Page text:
The AIA 2030 Commitment: Does LEED Cut It?Posted: October 4, 2011
We got an e-mail from the Green Building Certification Institute (GBCI), the folks that review LEED submittals on behalf of the United States Green Building Council. It’s like getting your test results in the mail. Good news: your project has earned a LEED Platinum rating. Woo hoo! Applause all around, kudos to the Bergmeyer team.
But then, that nagging question arose. Bergmeyer had recently signed the AIA’s 2030 Commitment, a program to help architecture firms meet the fossil fuel reduction targets of Ed Mazria’s 2030 Challenge. How would this project measure up?
First, I confess to have eagerly consumed a lot of USGBC Kool-Aid in my days. You could call me an early adopter, having passed my LEED exam many years ago. I don’t believe that the USGBC has become a “shadow government” (although that phrase, coined by Michael Liu, AIA, is a great title for a provocative article about the USGBC in the Summer 2011 issue of “Architecture Boston”), nor do I think the allegations of false advertizing in the suit filed against the USGBC (and recently dismissed) are merited. On balance, the USGBC has irrefutably been a force for positive change.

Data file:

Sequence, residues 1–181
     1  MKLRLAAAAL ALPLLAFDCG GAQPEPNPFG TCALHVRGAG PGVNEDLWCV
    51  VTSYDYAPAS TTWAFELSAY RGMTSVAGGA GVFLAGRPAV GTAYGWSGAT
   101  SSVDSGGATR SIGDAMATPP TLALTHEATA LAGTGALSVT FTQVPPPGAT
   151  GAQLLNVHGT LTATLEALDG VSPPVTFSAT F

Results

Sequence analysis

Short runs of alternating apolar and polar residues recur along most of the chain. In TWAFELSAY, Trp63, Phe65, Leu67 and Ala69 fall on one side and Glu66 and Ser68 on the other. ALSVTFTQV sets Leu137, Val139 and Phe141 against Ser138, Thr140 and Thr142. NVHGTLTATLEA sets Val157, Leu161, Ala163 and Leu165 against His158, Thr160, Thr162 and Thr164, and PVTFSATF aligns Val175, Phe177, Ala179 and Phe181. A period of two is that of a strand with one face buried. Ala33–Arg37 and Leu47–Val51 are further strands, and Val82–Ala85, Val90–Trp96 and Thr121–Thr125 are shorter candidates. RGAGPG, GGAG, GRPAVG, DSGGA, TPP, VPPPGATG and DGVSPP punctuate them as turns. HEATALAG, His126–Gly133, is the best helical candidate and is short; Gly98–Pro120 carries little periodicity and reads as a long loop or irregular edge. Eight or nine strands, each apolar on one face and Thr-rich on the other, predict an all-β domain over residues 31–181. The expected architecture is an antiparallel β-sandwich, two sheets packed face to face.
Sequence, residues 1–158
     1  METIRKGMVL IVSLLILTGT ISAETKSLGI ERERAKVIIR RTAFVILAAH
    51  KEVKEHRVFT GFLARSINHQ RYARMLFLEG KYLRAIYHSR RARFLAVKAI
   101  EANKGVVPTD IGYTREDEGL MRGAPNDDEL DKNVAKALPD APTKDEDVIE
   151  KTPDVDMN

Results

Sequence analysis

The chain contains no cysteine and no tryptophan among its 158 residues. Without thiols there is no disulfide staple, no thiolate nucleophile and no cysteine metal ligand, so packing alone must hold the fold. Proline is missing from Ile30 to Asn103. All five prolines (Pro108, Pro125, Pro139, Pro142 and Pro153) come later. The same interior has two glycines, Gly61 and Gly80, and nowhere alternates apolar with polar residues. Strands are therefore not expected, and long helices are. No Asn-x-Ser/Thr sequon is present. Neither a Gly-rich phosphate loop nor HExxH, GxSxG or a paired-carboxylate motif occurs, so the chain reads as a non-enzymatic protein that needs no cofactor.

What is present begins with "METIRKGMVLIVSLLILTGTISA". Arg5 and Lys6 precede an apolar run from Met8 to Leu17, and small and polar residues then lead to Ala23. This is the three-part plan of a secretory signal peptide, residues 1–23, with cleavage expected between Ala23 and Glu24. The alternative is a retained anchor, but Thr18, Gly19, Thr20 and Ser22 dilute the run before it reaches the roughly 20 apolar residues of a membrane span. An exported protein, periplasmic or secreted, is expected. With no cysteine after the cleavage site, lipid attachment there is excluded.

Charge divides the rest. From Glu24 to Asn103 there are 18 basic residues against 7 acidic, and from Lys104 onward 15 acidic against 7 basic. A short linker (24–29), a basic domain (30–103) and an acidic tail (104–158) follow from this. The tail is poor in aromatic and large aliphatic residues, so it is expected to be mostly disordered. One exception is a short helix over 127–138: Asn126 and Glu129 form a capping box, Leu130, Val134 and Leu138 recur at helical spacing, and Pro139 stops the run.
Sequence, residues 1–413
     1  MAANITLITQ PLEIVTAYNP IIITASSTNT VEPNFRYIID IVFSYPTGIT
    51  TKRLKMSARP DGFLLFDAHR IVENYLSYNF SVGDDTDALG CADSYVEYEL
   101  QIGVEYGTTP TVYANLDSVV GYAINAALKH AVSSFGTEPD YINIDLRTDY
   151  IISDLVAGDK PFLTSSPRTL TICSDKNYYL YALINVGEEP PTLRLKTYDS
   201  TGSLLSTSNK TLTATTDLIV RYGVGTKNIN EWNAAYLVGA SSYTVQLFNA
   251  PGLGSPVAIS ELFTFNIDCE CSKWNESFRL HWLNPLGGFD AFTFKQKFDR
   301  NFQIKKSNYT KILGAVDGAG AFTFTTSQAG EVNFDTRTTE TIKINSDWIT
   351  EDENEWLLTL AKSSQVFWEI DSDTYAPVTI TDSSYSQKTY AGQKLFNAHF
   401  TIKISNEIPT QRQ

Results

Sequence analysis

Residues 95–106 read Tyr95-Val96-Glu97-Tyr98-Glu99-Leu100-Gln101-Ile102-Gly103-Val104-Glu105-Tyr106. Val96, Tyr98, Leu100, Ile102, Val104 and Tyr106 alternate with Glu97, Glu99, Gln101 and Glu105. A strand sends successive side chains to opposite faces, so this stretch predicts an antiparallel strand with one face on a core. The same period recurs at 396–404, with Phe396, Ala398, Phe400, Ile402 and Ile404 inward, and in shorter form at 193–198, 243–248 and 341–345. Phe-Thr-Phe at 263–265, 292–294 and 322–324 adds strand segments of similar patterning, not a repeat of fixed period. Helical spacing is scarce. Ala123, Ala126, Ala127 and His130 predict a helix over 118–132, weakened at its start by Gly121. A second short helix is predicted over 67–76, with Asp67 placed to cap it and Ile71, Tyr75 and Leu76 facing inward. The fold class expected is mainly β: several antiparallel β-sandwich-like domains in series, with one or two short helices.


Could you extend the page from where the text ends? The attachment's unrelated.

But I also agree that the LEED Rating System needs regular updating, promotes checklist-thinking if misused, and has become a panacea for governments, building owners, and practitioners who don’t want to do the intellectual heavy lifting of approaching sustainability in holistic systems-thinking terms. And I believe honest folks at the USGBC might agree with me on those points.
That said, back to our Platinum project. A small built-to-suit commercial building, Project X maxed-out the LEED Optimize Energy Performance credits, the On-Site Renewable Energy Credits and the Green Power credits. A poster-child for high-performance building, right?
I tossed the question to Dee, our in-house LEED guru. What was this project’s energy use intensity, and how does it compare to the 2030 Commitment baseline? She was psyched to have an assignment that didn’t involve slogging through the LEED Online website, so she jumped on it.
The answer was surprising. The project’s modeled energy use intensity was 110 kBtu/sf/yr. Compared to the target energy use intensity of 98 kBtu/sf/yr, we were 12% over target! And that was before we applied the “60% better” rule for the 2030 Commitment – meaning we should be shooting for an EUI of 39!
We achieved LEED Platinum Certification but we fell short of AIA 2030 Commitment standards.
Could this be right? (To be continued . . . )
(Note: Congratulations to Coldham & Hartman Architects of Amherst, Massachusetts for signing the Commitment!)